Somehow the furnace had been accidently turned off and the hot water line for the bath tub split. When we got there it was spewing hot water and evidently had been for quite a while. Needless to say we didn’t close that day. The seller called his insurance company, took care of the problem and we closed the next week- with new plumbing, floors and a few other things that had been destroyed.

Story #2 is a true story that took place several years ago. This time it was my listing. The seller had strategically placed furniture, throw rugs, ect. over dog pee stains. Bad dog pee stains that had gone through the carpet and into the wood flooring below.

The buyer and seller went to arbitration and the seller won. One of the reasons given was that the seller was giving immediate occupancy and if the buyer had done his walk through, he would have seen the stains and would have had the option to either renegotiate or back out at that time. Even though the seller had obviously gone to great pains to hide the defects.

Would the outcome have been the same with different arbitrators? Hard to say, but in this instant the buyer was SOL.

Above are two very good reasons to exercise your right to walk though prior to closing. I surely don’t mind taking my time to meet you at the house and walk through. It’s for your protection, not mine.

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“Highest” and “Best” Are Not Synonyms

True story:

A friend of mine, who is also a Realtor, wrote an offer on a house for herself. The house is a short sale, and my friend made a fair offer. The listing agent called to tell my friend that there were other offers, and hers wasn’t the highest, and did my friend want to increase her offer.

My friend (did I mention she is an EXCELLENT agent) pointed out that her offer was within 10% of asking price, that the comps bore it out, and it still had to appraise in 3-6 months in a declining market. That she was willing to look at a reasonable counter offer if the lien holders needed a higher pay off. AND that she was willing to buy the appliances or lawn tractor- up to $10,000. She pointed out that this particular lien holder wasn’t receptive to releasing the seller from their responsibility for the deficiency (waive their right to sue the seller in the future) without a note or cash payoff for a portion at close. If the sellers know in advance that they have a buyer for up to $10K of their stuff, it can change the playing field a bit when it comes to negotiating the short sale.

The listing agent came back after meeting with her seller with an accepted offer. They were all in agreement- my friend’s offer wasn’t the highest offer, but it was the best.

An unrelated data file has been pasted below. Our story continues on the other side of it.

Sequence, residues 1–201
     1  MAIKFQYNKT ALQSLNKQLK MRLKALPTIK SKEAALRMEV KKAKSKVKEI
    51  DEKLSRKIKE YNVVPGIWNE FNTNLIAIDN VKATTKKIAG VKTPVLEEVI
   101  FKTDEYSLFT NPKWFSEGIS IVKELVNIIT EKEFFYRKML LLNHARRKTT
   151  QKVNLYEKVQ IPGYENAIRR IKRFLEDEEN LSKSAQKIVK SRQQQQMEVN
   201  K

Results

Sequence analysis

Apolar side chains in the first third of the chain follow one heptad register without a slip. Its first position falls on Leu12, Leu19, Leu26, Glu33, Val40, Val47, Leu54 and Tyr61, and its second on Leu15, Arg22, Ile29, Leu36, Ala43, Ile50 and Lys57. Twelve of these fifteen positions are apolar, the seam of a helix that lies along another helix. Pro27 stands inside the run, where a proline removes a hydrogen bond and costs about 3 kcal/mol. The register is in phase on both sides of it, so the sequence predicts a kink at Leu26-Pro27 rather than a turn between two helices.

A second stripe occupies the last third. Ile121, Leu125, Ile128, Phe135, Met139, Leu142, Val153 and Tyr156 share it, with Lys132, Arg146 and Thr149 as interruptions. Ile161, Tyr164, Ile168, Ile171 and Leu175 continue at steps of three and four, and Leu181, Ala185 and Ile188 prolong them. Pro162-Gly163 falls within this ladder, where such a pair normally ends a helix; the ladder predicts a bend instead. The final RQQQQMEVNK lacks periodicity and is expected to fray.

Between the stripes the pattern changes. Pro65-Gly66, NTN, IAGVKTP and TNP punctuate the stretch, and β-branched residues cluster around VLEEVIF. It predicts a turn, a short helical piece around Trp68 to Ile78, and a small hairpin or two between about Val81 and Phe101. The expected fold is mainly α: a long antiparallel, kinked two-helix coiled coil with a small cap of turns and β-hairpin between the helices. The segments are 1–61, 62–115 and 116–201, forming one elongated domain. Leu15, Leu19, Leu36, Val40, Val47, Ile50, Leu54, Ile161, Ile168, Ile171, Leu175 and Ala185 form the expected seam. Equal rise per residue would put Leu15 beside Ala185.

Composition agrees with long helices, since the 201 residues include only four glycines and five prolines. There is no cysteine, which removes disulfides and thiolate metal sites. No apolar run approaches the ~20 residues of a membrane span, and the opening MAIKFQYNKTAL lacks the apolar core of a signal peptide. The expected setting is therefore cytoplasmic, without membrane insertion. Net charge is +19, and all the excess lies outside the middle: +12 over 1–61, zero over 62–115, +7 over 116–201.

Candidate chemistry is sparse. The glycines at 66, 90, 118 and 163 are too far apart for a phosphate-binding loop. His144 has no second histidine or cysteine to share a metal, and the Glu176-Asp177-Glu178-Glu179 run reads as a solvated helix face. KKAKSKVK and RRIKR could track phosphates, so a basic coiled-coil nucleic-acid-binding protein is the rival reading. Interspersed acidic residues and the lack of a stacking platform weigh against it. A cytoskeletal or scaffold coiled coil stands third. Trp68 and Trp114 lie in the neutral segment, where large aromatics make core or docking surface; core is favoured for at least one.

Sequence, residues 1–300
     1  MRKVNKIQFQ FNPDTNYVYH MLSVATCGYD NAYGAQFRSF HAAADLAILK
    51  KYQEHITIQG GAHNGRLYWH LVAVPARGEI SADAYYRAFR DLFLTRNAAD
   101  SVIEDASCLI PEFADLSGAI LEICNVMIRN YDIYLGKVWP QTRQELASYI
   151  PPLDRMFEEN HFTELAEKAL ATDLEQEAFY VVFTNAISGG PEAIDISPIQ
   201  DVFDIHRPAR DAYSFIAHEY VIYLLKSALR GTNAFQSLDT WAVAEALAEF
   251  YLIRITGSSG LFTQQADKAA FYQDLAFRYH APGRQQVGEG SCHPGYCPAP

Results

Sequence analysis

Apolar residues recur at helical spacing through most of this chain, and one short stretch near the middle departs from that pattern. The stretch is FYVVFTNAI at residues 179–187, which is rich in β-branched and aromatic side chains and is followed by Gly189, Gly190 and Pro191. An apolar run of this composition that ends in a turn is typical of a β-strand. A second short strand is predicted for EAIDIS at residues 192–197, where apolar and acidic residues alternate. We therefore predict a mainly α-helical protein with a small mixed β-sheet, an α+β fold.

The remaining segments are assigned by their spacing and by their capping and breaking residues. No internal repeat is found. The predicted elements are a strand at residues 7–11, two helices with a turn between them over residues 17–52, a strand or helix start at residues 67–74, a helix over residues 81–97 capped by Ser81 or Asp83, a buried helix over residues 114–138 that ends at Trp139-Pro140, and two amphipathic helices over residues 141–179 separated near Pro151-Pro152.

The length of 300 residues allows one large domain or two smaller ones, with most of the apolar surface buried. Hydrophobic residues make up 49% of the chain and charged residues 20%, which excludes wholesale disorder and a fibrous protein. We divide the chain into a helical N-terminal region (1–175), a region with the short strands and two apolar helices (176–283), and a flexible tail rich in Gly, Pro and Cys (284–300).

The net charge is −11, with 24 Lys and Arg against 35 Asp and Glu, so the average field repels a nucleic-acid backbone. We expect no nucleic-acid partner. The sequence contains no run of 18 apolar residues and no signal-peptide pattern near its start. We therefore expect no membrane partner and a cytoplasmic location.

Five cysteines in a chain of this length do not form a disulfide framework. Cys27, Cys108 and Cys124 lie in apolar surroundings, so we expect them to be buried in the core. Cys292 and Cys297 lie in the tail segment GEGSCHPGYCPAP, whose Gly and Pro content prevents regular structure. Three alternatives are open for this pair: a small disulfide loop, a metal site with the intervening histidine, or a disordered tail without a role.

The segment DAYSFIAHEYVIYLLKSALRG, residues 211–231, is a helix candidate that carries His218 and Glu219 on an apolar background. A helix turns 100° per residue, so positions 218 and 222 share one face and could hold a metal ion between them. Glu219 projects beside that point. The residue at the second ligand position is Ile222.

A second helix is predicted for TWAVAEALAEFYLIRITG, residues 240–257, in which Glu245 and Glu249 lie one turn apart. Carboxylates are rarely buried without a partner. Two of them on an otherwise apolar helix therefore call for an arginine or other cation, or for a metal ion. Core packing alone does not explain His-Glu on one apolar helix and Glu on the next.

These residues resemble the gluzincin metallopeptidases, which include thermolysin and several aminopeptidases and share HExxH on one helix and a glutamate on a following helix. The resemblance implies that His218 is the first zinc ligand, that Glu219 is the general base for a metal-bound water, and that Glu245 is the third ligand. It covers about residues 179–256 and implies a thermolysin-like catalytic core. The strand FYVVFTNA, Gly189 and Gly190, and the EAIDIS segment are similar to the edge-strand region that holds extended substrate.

The moral of this story:

Everybody has a bottom line, but as long as you meet that bottom line – or come close enough to lower that line- there are other factors important to today’s sellers in Southeast Michigan.

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Land Contracts- Southeast Michigan Real Estate

Over the past couple years I’ve been getting quite a few calls asking about Land Contracts and Lease/Option properties. Many of these callers have recently lost their homes to foreclosure or recently sold via short sale and need a place to live. It is understandable- these people are used to being homeowners and the thought of renting is not an attractive thought.

The other day I wrote a post about Lease/Option purchases and why it won’t work for many of the callers who have been contacting me. This post is an attempt to explain exactly what a land contract is and why that option will not work for most people either.

What is a Land Contract? Basically it’s seller financing. The seller is your bank.

Does this mean I can get in with zero money? You can– but it’s not likely. If you are too high risk for a bank to loan you money, you are high risk for a land contract seller, too. Usually a seller will require at least enough down payment to cover the commission. If the seller is represented by a good agent, the seller will want to see a credit report, proof if income, a reason for your poor credit (otherwise you would probably be getting a mortgage), and then after review the seller may approve you. If the seller does agree to take the risk, he will then determine the amount of down payment required and the interest rate which is usually a bit higher than you would get from a bank. The worse your credit the higher your down payment and/or interest rate will be.

Other things to consider:

If there is a mortgage on the property there is probably a due on sale clause that requires the owner to pay off the mortgage prior to selling.

Typically a land contract is for less than 30 years and there will be a balloon payment at the end of the term. Are you going to be able to get a mortgage for the balance at the end of the Land Contract term?